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April 21, 2020
by Patricia Tomasi

Can You Improve Your Mental Health By Eating Healthier?

April 21, 2020 08:00 by Patricia Tomasi  [About the Author]

A recent review published in the Journal of European Neuropsychopharmacology looked at nutritional psychiatry and whether mental health can be improved by what you eat.

“The popular press often provide advice to the general public about recommendations on how to improve one’s mental health by changing what we eat – specific diets, supplements or foods,” review author Suzanne L Dickson told us. “We are a group of researchers with much diverse yet collective knowledge on nutrition and brain health. We know when facts are clearly wrong, when they are right and all the shades of grey in between.  We wanted to set the record straight and explain in an informed balanced manner, the actual data behind common claims and misconceptions.”

Dickson is a professor in the Depart of Physiology/Endocrine at the Institute of Neuroscience and Physiology at the the Sahlgrenska Academy at the University of Gothenburg in Sweden.

“We addressed many different aspects of nutrition and brain health – for some of these quite a lot is known and so the evidence pretty much aligned to current theories proposed by scientists,” Dickson told us. “However, for other areas, even scientists are drawn in by assumptions, for example, that eating too much sugar exacerbates symptoms observed in children with Attention Deficit Hyperactivity Disorder (ADHD). Actually, the evidence for this is very slim indeed.”

The review notes that the brain requires certain nutrients in order to function properly including minerals, vitamins, lipids, and amino acids.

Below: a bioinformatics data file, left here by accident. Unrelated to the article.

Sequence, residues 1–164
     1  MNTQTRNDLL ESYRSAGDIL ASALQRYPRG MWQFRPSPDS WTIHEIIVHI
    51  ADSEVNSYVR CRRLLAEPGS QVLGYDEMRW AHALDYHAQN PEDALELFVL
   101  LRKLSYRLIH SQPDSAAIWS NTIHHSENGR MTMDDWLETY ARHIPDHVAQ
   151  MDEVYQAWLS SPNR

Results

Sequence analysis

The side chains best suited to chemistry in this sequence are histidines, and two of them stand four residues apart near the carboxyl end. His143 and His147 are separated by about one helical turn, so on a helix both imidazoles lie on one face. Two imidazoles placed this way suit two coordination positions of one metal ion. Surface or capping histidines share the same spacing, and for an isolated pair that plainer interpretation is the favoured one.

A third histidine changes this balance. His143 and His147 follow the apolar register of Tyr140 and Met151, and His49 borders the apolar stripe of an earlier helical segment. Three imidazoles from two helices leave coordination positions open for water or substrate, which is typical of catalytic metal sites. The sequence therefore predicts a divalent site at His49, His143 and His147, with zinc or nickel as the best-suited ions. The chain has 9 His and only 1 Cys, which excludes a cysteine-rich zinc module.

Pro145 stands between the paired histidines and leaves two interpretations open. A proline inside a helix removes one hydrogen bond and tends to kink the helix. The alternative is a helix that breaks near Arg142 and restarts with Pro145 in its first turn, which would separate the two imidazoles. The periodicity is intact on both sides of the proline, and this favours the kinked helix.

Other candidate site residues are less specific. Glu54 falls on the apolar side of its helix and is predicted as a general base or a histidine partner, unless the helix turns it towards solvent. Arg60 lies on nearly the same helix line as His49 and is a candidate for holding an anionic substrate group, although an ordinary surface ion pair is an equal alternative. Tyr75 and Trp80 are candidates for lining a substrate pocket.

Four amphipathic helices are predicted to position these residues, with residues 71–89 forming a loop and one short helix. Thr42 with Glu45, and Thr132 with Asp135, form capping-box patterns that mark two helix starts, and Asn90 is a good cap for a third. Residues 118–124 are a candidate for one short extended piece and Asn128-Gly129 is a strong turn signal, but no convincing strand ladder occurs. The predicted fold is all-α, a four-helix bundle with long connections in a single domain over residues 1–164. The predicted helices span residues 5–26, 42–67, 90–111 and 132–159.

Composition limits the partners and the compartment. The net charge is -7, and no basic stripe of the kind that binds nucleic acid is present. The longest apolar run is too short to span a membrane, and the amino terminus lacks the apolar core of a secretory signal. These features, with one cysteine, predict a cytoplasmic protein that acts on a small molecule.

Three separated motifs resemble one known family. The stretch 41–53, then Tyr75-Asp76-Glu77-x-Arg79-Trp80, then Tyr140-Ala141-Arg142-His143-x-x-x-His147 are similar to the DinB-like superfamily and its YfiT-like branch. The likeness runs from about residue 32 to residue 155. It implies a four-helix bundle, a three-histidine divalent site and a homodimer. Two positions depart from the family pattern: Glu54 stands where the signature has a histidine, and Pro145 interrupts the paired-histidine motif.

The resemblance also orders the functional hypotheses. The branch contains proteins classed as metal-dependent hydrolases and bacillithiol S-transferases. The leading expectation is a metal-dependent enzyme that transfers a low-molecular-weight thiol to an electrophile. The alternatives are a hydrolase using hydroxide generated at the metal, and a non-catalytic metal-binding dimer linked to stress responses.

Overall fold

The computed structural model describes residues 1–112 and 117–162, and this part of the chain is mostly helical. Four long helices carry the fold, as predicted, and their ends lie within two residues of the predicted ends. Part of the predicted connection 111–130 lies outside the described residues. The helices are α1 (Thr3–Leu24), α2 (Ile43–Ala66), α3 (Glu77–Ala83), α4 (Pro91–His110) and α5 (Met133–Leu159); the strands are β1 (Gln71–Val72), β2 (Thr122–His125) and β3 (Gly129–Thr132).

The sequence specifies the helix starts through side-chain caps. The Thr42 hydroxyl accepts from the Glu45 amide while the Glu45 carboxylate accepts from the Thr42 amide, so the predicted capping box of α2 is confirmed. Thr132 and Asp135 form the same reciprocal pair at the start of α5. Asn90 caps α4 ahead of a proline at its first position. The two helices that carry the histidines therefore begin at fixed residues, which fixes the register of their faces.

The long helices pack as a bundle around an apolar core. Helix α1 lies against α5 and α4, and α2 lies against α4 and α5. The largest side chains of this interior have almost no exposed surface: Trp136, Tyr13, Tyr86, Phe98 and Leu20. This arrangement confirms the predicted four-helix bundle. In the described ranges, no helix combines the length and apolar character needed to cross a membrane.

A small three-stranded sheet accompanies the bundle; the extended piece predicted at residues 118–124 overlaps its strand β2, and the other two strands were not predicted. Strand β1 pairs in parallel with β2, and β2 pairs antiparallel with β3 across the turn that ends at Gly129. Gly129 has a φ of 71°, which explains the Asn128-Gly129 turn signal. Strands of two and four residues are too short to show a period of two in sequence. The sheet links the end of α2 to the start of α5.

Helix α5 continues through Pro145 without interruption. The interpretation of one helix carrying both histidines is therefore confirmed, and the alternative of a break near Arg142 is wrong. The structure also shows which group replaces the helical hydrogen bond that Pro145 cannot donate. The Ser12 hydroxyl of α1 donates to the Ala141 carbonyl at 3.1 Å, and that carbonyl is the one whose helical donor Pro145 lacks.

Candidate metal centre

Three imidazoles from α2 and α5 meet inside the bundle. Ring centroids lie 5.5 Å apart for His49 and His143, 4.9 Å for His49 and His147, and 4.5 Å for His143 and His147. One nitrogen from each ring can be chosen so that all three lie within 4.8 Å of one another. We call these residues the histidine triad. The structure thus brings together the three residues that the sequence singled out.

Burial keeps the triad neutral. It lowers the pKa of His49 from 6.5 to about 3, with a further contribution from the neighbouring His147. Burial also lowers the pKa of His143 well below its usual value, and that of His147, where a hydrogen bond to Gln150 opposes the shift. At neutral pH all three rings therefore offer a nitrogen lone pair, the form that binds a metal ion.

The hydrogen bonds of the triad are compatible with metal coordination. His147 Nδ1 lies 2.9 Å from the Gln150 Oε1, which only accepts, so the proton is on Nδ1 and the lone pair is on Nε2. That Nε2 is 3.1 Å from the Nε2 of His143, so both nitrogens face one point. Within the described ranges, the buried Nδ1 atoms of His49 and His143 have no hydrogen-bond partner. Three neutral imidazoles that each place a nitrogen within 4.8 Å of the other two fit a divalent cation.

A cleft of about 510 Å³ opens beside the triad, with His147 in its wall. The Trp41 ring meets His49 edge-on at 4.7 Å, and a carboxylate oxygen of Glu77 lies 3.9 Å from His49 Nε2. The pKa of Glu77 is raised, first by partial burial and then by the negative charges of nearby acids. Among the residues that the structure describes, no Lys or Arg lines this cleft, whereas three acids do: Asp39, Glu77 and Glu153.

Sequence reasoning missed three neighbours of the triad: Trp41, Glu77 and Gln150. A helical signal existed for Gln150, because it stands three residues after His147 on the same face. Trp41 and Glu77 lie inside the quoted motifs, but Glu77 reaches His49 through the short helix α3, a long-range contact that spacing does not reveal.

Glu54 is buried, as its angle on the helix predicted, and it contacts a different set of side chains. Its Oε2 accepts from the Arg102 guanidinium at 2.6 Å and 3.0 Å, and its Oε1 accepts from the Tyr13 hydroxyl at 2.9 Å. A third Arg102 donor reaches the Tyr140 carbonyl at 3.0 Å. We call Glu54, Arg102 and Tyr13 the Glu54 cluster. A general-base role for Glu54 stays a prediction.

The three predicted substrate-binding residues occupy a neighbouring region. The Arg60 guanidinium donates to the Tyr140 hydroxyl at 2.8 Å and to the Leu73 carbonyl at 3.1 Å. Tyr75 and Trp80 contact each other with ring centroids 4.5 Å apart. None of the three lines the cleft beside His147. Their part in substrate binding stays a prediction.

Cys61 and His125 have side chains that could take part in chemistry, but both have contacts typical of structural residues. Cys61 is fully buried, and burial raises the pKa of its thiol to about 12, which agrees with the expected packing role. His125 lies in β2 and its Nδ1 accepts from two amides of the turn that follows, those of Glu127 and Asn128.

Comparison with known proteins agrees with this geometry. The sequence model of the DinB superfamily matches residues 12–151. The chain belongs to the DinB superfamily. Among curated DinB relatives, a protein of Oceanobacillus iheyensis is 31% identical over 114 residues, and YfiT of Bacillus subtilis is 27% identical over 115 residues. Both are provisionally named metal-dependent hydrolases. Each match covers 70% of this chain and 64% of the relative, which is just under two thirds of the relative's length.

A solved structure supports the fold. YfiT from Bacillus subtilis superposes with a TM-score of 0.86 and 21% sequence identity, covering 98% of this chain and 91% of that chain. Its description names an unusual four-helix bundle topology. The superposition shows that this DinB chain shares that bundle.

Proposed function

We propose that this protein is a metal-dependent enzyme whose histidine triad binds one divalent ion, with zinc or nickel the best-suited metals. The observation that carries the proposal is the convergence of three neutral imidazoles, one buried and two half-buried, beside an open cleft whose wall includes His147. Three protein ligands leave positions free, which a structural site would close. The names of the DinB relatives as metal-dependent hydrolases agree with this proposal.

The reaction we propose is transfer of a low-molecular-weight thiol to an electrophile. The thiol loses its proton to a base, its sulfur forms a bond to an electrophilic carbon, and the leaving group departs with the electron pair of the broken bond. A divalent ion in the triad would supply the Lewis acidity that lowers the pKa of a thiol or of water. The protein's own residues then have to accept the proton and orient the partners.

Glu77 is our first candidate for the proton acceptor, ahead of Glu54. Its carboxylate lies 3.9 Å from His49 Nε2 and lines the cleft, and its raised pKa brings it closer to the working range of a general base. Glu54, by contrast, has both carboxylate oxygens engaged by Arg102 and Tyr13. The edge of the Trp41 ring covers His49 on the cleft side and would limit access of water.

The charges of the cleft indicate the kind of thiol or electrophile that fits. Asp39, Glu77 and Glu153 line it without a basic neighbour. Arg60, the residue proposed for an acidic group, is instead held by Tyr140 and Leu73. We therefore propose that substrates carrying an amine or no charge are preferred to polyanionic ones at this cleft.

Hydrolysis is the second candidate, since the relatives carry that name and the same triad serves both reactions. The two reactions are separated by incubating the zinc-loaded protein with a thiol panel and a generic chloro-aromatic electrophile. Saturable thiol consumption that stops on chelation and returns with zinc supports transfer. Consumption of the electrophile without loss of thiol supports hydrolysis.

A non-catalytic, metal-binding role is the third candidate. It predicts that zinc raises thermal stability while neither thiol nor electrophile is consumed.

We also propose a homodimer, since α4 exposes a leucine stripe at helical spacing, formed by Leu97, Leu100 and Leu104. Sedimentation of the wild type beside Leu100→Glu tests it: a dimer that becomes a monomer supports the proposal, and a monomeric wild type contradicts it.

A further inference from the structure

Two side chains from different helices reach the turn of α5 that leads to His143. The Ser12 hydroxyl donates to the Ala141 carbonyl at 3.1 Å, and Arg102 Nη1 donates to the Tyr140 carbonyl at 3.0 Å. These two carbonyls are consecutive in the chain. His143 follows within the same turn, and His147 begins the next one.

“We read as much possible literature on the various topics and summarized the key components. We wanted to provide an explanation as to why it is difficult for scientists and nutritionists to provide proof that any dietary ingredient or food really does improve brain health,” Dickson told us. “We also want to explain likely ways that we can make better progress in the future.” 

In addition to nutrients the brain requires, other elements such as gut hormones, neurotransmitters, and neuropeptides.

“There are so many different topics in the article, some relating to cognitive function, some to ADHD and others to depression and anxiety disorders,” Dickson told us. “Essentially, for most disease areas, nutrition can have beneficial effects but often the effects are marginal and we lack knowledge regarding how the nutritional change could cause the proposed effect on mental health.”

There are scientific studies do show that proper nutrition is a benefit for one’s mental health. Some studies link a higher intake of fresh vegetables and fruits with increased happiness. But more research is needed.

“As scientists we were surprised at how scarce the evidence is to back dietary advice for mental health,” Dickson told us.”We need to battle on to sort out fact from fiction regarding dietary advice for mental health and this can only be done by rigorous investigation. We need well controlled clinical studies as well as basic mechanistic studies examining the impact of nutrients on the body, on metabolism and brain.”

Another study showed how depression could be reduced with a higher intake of not only fruits and vegetables but also whole grains and fish, or otherwise popularly known as the ‘Mediterranean diet’. Studies have also shown that a lack of vitamin B12 can cause lethargy, poor memory and depression. Studies have shown that adequate intake of vitamin D has a beneficial effect on memory and attention.

“Be kind to your brain by making healthier food choices,” Dickson told us. “The effects of diet on mental health are likely real. Since most data on nutrition and brain health is provisional, it is important not to follow dietary advice that is not evidence-based.”

About the Author

Patricia Tomasi

Patricia Tomasi is a mom, maternal mental health advocate, journalist, and speaker. She writes regularly for the Huffington Post Canada, focusing primarily on maternal mental health after suffering from severe postpartum anxiety twice. You can find her Huffington Post biography here. Patricia is also a Patient Expert Advisor for the North American-based, Maternal Mental Health Research Collective and is the founder of the online peer support group - Facebook Postpartum Depression & Anxiety Support Group - with over 1500 members worldwide. Blog:

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